The rightward stroke of [m] follows a more similar course to [r] than [l]. Whereas the rightward stroke of [l] quickly turns down and leftward, crossing the [i], in [r] and [m] the rightward stroke continues right before turning up and leftward. For [r] the stroke continues leftward, while in [m] it dives down and rightward through its earlier path.

Once again, the best match for [m] in graphical terms is [r].

What Words Do We End Up With?

Our goal, mentioned at the start of this post, is to attempt to ‘restore’ the text to its state before [m] was present. We meet success if the text becomes more regular and thus one step nearer to its creation process.

If we take [r] as the best fit for [m], and change all instances of [m] to [r], what words do we end up with? And do they resemble existing words for [r]?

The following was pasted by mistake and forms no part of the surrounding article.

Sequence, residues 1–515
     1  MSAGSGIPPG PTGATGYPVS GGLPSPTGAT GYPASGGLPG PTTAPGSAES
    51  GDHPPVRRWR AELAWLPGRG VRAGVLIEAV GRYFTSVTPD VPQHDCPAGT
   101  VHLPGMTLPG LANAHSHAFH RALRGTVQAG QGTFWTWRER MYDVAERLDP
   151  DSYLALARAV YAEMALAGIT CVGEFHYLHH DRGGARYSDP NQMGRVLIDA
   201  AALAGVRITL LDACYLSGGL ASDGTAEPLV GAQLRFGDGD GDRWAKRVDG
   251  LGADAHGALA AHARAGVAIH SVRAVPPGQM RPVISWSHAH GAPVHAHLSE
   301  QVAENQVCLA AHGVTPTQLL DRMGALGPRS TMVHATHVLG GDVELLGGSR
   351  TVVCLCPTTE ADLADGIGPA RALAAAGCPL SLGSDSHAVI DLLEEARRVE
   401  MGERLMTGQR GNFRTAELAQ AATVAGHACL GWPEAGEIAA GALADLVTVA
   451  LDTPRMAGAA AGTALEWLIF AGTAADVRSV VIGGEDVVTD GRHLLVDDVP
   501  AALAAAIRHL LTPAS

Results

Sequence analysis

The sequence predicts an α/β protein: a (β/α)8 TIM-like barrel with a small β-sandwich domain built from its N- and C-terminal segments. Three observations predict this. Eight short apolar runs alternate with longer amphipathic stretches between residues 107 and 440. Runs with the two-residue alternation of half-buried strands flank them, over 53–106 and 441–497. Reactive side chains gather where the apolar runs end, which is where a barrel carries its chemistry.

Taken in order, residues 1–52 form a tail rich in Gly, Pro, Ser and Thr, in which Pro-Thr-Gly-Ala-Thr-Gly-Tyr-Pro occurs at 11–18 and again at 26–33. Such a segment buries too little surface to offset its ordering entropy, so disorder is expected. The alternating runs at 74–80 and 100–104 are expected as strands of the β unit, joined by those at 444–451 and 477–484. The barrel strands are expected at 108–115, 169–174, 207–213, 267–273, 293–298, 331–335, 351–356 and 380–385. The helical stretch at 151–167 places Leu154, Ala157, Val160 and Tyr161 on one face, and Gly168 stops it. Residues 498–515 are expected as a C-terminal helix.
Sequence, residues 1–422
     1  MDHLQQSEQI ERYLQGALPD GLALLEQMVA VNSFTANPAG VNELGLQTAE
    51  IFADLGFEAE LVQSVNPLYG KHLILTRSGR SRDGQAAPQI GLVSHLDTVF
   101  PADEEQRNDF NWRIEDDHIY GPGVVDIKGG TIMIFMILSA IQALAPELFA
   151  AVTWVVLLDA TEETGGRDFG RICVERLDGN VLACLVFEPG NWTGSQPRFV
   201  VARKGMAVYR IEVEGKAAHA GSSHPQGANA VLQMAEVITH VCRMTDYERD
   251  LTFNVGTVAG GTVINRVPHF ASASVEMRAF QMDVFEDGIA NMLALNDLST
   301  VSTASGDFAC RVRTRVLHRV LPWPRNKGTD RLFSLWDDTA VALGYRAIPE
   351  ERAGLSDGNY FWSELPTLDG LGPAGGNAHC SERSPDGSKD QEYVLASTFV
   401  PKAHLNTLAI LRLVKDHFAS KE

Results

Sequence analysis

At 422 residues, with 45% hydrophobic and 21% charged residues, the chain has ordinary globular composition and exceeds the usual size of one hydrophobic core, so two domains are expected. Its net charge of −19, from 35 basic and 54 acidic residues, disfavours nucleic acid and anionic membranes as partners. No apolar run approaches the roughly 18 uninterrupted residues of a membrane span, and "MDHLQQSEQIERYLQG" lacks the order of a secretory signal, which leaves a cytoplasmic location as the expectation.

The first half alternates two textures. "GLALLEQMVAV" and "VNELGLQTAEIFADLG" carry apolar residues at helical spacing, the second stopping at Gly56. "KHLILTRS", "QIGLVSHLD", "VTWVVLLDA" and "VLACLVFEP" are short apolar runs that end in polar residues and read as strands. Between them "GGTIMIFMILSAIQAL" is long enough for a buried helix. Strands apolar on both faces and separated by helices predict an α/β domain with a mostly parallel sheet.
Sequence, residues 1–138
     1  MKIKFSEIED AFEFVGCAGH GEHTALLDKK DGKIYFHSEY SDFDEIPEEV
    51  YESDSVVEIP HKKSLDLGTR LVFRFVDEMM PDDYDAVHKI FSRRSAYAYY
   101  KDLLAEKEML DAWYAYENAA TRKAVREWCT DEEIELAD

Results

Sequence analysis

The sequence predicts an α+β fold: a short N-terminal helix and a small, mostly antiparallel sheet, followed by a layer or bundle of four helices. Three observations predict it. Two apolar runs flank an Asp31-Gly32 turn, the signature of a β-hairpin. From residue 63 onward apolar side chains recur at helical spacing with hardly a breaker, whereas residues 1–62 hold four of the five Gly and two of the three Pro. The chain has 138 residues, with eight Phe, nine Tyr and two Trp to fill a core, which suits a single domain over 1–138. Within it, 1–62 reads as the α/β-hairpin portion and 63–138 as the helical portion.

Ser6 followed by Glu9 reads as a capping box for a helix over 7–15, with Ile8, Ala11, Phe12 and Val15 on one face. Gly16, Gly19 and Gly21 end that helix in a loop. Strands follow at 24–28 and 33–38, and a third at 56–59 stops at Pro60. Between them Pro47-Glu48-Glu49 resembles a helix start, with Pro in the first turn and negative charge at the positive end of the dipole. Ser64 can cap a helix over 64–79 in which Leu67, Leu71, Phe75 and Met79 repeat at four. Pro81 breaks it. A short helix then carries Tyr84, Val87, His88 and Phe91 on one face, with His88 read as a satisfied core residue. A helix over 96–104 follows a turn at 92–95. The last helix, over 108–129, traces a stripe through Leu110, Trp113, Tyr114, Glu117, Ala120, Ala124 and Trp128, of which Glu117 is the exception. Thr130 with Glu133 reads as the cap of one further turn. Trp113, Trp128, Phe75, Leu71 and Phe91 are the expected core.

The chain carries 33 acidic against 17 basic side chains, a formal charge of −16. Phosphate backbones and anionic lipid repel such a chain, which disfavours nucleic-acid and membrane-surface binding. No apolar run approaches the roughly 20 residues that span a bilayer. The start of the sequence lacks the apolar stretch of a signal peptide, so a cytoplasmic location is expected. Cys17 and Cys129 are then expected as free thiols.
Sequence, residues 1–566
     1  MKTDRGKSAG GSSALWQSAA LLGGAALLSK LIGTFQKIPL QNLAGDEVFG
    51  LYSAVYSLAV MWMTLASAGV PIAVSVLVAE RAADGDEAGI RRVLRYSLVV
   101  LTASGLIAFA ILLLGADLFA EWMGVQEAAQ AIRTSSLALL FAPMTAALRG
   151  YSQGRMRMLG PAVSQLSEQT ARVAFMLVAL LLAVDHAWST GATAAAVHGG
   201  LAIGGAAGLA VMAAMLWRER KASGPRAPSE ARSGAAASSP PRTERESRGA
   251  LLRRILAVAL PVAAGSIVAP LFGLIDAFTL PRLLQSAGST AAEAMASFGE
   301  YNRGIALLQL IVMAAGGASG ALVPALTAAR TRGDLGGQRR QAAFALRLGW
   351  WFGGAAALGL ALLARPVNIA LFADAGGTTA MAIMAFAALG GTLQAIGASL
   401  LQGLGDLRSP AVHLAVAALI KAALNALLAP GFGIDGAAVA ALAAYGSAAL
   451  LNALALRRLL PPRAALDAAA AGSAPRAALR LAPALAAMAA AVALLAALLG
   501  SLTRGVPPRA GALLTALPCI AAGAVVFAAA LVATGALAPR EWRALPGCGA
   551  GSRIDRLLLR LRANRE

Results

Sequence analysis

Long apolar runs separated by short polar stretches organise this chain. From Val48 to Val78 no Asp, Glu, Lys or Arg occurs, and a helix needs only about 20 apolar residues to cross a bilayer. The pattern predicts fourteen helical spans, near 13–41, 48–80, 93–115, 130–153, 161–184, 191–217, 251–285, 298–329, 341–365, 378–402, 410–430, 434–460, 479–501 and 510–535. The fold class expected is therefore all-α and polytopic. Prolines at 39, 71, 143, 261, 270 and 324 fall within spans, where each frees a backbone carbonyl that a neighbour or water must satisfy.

The short answer is: somewhat.

It is certainly true that a common word ending with [r] tends to be paralleled by a common word ending with [m]. So, for example, [dar] accounts for nearly 6% of all words ending with [r], and [dam] for about 9% of all words ending with [m].

Not perfect, but for most words where [r/m] is preceded by [a] the percentage for [m] is higher, while for those preceded by [o/i] it is lower. Also, there are a number of instances of words ending [ram] which are barely paralleled by words ending [rar].


The character [m] may well be a word and line final variant of another character. If this is so then the best character fit is [r]. However, the fit is not perfect.

The underlying reason for the occurrence for [m] is unknown, but the hypothesis that [m] is a variant of [r] gives us a point from which we can explore further. One specific question is why [r] still occurs word and line finally, and why only a portion of that character is transformed into [m]. Research into the specific environments of these two characters at the end of lines may reveal differences which take us further toward the ultimate cause.